Wednesday, May 4, 2011

Paleogeography of the Monument in the late Cretaceous (by Matt Selman)

Snow College students and BLM field staff descend to a dig site in Grand Staircase-Escalante National Monument.

The Grand Staircase-Escalante National Monument has, in recent years, become a major national destination for scientists studying the life-forms of the late Cretaceous period. Teams from around Utah and the United States make yearly pilgrimages to the monument to explore its fossilized floodplains, river channels, and coastal lagoons in search of the animals that lived and died in what was an incredibly lush tropical area, now transformed into high desert and badlands topography.
Erosional forms on Horse Mountain.

As different as the climate of the period was from that of the present day, so was the geography markedly dissimilar. Cretaceous North America was the site of a vast, shallow sea known as the Interior Cretaceous Seaway. At its height in the Middle Cretaceous, the seaway’s western boundary devoured the eastern third of what is now Utah. By the Late Cretaceous, the shoreline receded to the east, leaving a damp coastal plain running through the center of present-day Utah.
Top: Dr. Alan Titus discusses the distribution of fossils within the Kaiparowits formation.
Bottom: Scott Richardson of the BLM descends to a dig site in the northern part of the Monument.

At the same time, a significant mountain-building event occurred in the region. The Sevier Orogeny created a chain of mountains running longitudinally from modern-day Mexico up into Canada. As quickly as these mountains were uplifted, the forces of erosion began to work on them, creating great river channels flowing down into the receding interior sea.

Hadrosaur humerus (top) and velociraptor claw (bottom), both deposited in prehistoric floodplain sediments.

This geography, along with the climate of the period--both of which are immensely different from that of today--created the conditions which allowed flora and fauna to flourish, and their remains to be relatively well preserved in the sedimentary deposits of rivers (flowing down and east from the Sevier mountains), floodplains, and the shores of the Interior Cretaceous Seaway.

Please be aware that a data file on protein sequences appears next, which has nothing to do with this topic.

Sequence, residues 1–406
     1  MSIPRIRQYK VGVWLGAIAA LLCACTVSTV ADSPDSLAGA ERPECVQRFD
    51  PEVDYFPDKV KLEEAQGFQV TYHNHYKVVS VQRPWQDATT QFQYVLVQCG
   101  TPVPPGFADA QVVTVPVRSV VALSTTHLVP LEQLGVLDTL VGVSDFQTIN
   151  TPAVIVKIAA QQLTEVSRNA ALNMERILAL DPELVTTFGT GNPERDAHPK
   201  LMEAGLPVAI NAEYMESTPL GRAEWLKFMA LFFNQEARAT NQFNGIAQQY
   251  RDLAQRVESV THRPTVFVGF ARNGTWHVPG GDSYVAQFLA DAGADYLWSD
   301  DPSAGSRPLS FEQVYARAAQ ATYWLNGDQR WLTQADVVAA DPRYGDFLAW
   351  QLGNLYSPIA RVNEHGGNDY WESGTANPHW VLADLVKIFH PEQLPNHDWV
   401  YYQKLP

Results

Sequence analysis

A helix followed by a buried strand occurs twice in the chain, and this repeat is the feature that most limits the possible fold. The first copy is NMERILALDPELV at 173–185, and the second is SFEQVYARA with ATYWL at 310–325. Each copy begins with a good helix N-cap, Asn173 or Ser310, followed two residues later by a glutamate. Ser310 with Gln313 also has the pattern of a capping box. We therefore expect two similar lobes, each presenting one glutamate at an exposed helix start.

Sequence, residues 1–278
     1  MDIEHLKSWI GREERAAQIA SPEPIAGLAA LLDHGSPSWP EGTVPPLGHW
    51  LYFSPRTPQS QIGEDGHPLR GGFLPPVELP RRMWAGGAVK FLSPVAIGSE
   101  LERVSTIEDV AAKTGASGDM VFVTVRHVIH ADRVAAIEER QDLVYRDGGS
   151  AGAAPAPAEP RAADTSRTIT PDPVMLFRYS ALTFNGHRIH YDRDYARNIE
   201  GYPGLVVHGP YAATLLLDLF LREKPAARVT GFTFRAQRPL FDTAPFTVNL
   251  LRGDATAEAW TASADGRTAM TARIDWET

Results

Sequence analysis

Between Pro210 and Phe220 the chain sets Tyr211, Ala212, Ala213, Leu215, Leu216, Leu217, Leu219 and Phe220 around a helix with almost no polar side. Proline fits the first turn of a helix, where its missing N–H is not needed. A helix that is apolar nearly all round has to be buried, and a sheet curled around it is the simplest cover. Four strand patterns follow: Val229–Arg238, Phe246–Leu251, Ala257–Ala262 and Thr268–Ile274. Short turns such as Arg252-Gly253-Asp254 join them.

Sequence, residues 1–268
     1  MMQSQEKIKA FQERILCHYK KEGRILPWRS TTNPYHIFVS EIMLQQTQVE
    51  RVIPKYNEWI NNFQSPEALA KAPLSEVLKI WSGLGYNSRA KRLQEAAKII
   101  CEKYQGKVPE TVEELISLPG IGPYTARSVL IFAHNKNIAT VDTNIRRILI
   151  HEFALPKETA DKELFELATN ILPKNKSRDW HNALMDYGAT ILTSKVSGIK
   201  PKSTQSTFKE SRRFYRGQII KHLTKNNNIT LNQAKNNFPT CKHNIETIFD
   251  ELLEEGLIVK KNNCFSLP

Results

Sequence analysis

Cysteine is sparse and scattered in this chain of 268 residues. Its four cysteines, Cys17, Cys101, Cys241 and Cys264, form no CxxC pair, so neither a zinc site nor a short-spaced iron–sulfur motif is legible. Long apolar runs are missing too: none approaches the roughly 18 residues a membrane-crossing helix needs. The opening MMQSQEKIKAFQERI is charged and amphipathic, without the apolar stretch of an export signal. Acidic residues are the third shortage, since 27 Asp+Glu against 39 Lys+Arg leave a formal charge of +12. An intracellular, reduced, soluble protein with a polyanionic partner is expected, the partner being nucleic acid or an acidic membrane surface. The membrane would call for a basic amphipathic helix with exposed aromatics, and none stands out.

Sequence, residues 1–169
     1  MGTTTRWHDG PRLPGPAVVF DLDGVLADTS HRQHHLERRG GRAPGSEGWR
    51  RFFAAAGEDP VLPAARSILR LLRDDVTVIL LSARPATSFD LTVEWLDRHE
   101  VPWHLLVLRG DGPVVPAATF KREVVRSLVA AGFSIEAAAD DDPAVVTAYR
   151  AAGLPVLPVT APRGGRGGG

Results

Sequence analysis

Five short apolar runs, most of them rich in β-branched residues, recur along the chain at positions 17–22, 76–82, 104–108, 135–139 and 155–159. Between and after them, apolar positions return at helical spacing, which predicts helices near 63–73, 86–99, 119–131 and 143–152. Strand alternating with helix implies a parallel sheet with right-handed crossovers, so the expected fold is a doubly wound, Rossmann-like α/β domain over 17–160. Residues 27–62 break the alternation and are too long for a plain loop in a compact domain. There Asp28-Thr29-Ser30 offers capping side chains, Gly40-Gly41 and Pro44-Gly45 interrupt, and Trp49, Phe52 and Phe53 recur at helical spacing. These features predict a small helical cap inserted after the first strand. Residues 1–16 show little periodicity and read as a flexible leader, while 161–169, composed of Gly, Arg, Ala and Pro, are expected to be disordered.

Returning to camp.

How to recognize a dinosaur fossil? By Candy Chiu

I had a 3 days 2 nights trip in April which took place in Kanab, Utah. This is the geology trip of finding dinosaur fossils. It is a nice and fun trip! Also, this is the first time I ever camped in Utah. Although it was hard to finish this trip, I did it!
I learned how to recognize a dinosaur fossil through this trip. Fossils are unlike usual rocks. Fossils form when the remains of animal that are trapped between rock layers and become a part of the rock sequence. There are two kinds of fossils we found in this trip. We found the tree fossils and the dinosaur fossils.

This is one of the dinosaur fossil that we found.
And this is one of the tree fossil that we found.

From what I see in the cross-section of the fossils, fossils have a higher density than rocks. For the tree fossils, it is in brown color.

This field trip is really a good chance for me to know more about dinosaurs, this extinct creature. This is really a nice trip and I will join it again if I got another chance.

Tuesday, May 3, 2011


I would like to start off by saying that this was the best field trip I have ever been on in my life! Hands down, by far! I wouldn't trade my experience for anything, and I am seriously considering doing it again next year. So, for all you thinking of going, DO!! We spent two nights and three days roughing it in the wilderness with Dr. Alan Titus, the paleontologist for the Grand Staircase - Escalante National Monument and his assistant Scott Richardson. Not only was this trip fun, but I cannot begin to describe all that I learned on this trip. So I have chosen a topic I enjoyed, and I'll do my best.

We spent the second day up there digging for bones! A couple of hours in, Tauni and I were assigned to move a mass of rock on the bottom right section of the quarry. We were given hammers and chisels and told to go layer by layer. I was so excited!! We worked, and worked, and worked....and worked. nothing!! I was feeling pretty down. You see, the movies never show how much work goes into digging out a dinosaur, I felt like I had been tricked ;).

All of the sudden Tauni gasped. My heart sputtered to a stop and I leaned over to see her discovery. "OH MY GOSH! LOOK WHAT YOU FOUND!!" I yelled (I've been known to be a little dramatic). I was so happy all our work was not in vain. Everyone stopped working and ran to see what had been uncovered. There, in her cute little hand was a........GASTROPOD!!! I was so thrilled. Unfortunately, Scott an Alan were less enthusiastic with her great feat. "Just a snail." Scott said and he put it back on the ground. Gosh darn it, no it wasn't 'just a snail'. This was a true, honest to goodness fossil! Millions of years old! And it had just come out of the ground I was digging in! We found half a dozen more similar gastropods, varying in size, in this same layer. It was great.

So, after my excitement subsided, I got to thinking. 'What on earth were snails doing by our Hadrosaur?!' Needless to say, I asked. Not to my dismay I got a fabulous answer. I simply needed to remember the environment of deposition. During the the Cretaceous when the Kaiparowits was being deposited, Utah was a lush, green, tropical place! So what had happened all those millions of years ago was simple. Of coarse there were other animals alive at the same time this Hadrosaur died. Its bones were deposited in a small lake on a floodplain of a river. In this small pond or lake there were snails. So the snail shells were buried in the mud after they died along with the dinosaurs and fossil plants. Our own 'claim to fame', finding gastropods on a Geology trip!